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Republicans want to commit vote fraud so they won’t lose to Obama again!

2011-06-11
Normally, I would try to write something eloquent, but this editorial and the following comments just say it all:
New York Times Online Editorial:
They Want to Make Voting Harder?
Published: June 5, 2011 
One of the most promising recent trends in expanding political participation has been allowing people to vote in the weeks before Election Day, 
either in person or by mail. Early voting, which enables people to skip long lines and vote at more convenient times, has been increasingly 
popular over the last 15 years. It skyrocketed to a third of the vote in 2008, rising particularly in the South and among black voters supporting 
Barack Obama.

And that, of course, is why Republican lawmakers in the South are trying desperately to cut it back. Two states in the region have already 
reduced early-voting periods, and lawmakers in others are considering doing so. It is the latest element of a well-coordinated effort by 
Republican state legislators across the country to disenfranchise voters who tend to support Democrats, particularly minorities and young people.

The biggest part of that effort, imposing cumbersome requirements that voters have a government ID, has been painted as a response to voter fraud, 
an essentially nonexistent problem. But Republican lawmakers also have taken a good look at voting patterns, realized that early voting might have 
played a role in Mr. Obama’s 2008 victory, and now want to reduce that possibility in 2012.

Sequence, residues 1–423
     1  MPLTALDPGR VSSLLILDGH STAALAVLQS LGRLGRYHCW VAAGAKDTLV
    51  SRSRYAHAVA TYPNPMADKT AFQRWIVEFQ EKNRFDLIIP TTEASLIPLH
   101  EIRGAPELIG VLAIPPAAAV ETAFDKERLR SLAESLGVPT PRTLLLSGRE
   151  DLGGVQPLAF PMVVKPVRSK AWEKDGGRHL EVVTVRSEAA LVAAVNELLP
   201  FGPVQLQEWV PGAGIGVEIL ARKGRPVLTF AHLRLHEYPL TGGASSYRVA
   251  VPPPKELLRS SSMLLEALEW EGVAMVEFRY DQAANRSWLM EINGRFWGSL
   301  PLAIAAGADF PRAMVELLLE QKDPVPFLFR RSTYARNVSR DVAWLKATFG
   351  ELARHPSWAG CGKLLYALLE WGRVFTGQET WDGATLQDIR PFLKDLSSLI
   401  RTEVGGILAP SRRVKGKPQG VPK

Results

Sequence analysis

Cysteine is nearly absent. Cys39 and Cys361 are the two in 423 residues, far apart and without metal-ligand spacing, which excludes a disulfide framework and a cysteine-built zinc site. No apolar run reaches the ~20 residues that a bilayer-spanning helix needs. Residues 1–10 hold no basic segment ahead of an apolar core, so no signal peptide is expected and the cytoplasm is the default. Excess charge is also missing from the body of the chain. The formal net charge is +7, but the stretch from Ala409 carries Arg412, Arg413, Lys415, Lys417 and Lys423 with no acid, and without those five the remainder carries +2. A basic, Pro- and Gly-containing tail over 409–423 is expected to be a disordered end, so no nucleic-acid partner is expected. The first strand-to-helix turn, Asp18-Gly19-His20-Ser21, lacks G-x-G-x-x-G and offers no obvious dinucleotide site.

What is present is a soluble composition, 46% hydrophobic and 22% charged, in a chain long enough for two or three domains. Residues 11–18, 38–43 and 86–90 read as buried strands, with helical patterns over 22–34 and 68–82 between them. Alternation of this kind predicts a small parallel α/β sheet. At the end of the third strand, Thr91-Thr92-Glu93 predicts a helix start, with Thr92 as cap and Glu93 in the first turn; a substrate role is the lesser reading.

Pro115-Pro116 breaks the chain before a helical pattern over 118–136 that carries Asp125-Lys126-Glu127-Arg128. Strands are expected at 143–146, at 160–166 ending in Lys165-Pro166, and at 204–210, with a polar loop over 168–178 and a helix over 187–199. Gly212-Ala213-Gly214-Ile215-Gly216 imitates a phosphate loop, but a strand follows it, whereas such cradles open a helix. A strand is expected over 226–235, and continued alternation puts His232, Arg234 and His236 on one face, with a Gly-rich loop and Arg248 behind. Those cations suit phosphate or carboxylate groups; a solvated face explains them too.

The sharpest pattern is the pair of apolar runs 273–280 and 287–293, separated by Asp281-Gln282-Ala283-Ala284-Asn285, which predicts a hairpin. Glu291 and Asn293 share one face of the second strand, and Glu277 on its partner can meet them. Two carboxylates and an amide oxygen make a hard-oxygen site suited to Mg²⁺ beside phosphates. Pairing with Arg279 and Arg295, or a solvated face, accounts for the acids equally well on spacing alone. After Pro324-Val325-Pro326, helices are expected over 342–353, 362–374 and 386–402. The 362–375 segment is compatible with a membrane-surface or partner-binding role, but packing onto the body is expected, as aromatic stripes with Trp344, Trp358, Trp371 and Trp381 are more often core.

Mr. Obama won North Carolina, for example, by less than 15,000 votes. That state has had early voting since 2000, and in 2008, more ballots were 
cast before Election Day than on it. Mr. Obama won those early votes by a comfortable margin. So it is no coincidence that the North Carolina House 
passed a measure — along party lines — that would cut the early voting period by a week, reducing it to a week and a half before the election. The 
Senate is preparing a similar bill, which we hope Gov. Beverly Perdue, a Democrat, will veto if it reaches her.

Republicans said the measure would save money, a claim as phony as saying widespread fraud necessitates ID cards. The North Carolina elections board, 
and many county boards, said it would actually cost more money, because they would have to open more voting sites and have less flexibility allocating 
staff members. Black lawmakers called it what it is: a modern whiff of Jim Crow.

More than half of the state’s black votes were cast before Election Day, compared with 40 percent of the white votes. A similar trend was evident 
elsewhere in the South, according to studies by the Early Voting Information Center, a nonpartisan academic center at Reed College in Oregon. 
Blacks voting early in the South jumped from about 13 percent in 2004 to 33 percent in 2008, according to the studies, significantly outpacing 
the percentage of whites.

One of the biggest jumps was in Georgia, where, over the objections of several black lawmakers, the Republican-dominated Legislature passed a 
bill in April that would cut back in-person early voting to 21 days, from 45 days. Florida just cut its early voting period to eight days, from 14.